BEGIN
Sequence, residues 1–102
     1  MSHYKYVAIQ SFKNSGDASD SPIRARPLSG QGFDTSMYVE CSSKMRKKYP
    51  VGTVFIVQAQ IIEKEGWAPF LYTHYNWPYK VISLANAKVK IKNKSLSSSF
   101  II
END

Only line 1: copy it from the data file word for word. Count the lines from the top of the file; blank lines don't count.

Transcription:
Sequence, residues 1–102